Salmon uniquely define the Northwest experience. They have shaped our cultures. They sustain our ecosystems. They feed our souls and bodies.

Tribal and state natural resources co-management is the law in Washington, but cooperative co-management is a choice we make every day because we know it works. We see it working for Elwha River chinook, Hood Canal summer chum and Snake River fall chinook, where struggling salmon runs have begun to rebound.

In the coming weeks, we’ll begin to plan the approaching salmon fishing season. This process, called North of Falcon, will likely include difficult negotiations as we struggle to share a shrinking resource. Even fisheries on healthy salmon runs are affected by the decline of other distinct populations, due to lost habitat, pollution, predation, climate change and our responsibility to preserve food for southern resident killer whales.

North of Falcon today isn’t about winning or losing. It’s about working together to meet one another’s needs by carefully crafting conservative fisheries that protect the weakest salmon stocks while providing for harvest when possible.

It took us a long time to get here.

When tribes in western Washington ceded land to the U.S. government in the treaties of 1855-56, they reserved the right to fish, hunt and gather in their traditional locations. Salmon were plentiful.  

By the early 1900s, salmon were suffering because of poor logging practices, development and over-harvest. During the Fish Wars of the 1960s and ’70s, tribal fishermen were routinely arrested, beaten and jailed when they attempted to exercise their treaty fishing rights.


In 1974, a decision by federal Judge George Boldt in U.S. v. Washington — upheld by the Supreme Court — reaffirmed tribal treaty rights to half of the harvestable salmon returning each year.

Mistrust ran deep in those early days. Much time, money and energy were spent fighting one another in court.

In 1983, Bill Wilkerson, director of the Washington Department of Fish and Wildlife, sat down with Billy Frank Jr., then chairperson of the Northwest Indian Fisheries Commission. They agreed to try cooperation instead of litigation to meet shared goals of a healthy resource and sustainable fisheries.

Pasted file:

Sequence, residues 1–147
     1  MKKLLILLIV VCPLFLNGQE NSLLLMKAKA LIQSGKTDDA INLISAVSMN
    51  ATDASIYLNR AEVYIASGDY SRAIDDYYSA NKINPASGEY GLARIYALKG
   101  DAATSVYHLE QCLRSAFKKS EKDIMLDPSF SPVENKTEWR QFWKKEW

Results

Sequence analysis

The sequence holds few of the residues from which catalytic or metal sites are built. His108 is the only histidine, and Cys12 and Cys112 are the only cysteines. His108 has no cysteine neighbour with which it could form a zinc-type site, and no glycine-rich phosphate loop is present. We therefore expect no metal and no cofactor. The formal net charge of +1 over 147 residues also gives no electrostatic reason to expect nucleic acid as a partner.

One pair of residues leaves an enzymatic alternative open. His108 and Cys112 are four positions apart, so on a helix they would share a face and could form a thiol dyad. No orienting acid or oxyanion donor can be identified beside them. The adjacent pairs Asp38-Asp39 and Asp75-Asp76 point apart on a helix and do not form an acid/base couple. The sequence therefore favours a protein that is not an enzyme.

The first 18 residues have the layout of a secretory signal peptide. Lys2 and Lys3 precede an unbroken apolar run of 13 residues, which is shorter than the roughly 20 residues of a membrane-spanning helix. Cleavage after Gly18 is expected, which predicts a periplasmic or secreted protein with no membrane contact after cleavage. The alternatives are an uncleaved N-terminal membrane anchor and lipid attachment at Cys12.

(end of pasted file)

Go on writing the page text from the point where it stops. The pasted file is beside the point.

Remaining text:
This leadership led to river-by-river and stock-by-stock impacts planning. Then Canada, the United States, tribes and states joined forces to negotiate the Pacific Salmon Treaty, which regulates salmon fisheries between the U.S. and Canada. The Timber/Fish/Wildlife Agreement protected fish and wildlife habitat on private forest lands. The 1989 Centennial Accord further cemented the government-to-government relationship between tribes and the state by providing a forum for shared concerns.

Each of these accomplishments is remarkable in its own right. Together they show progressive cooperation. We are committed to preserving this spirit.

You see this in a new joint riparian habitat initiative that will provide a uniform, science-based management approach to salmon recovery. We need greater protection for the stream side vegetation that lowers water temperatures, filters pollutants and reduces sediment that smothers salmon eggs.


While state and tribal relations can sometimes be strained, we continue to strengthen our relationship in the North of Falcon process. We’re working to prioritize salmon conservation, listen to one another’s needs, seek solutions, communicate, use the best available science to inform decisions, and accurately document, share and react to important data.

The recent State of Salmon in Watersheds report released by the Gov. Jay Inslee’s Salmon Recovery Office shows that for key stocks in need of recovery, at best we are treading water. While harvest restrictions will continue, these alone can’t recover salmon. We believe if tribal, state and local communities seek first to work together, we may see the day — as native trees line meandering waterways and storm water runs cold, slow and clean — when salmon are plentiful again.

This comanagement relationship may have been born from conflict, but it is sustained by the mutually held imperative that we can, and must, cooperate if we are to see salmon continue as a part of future generations’ Northwest experience.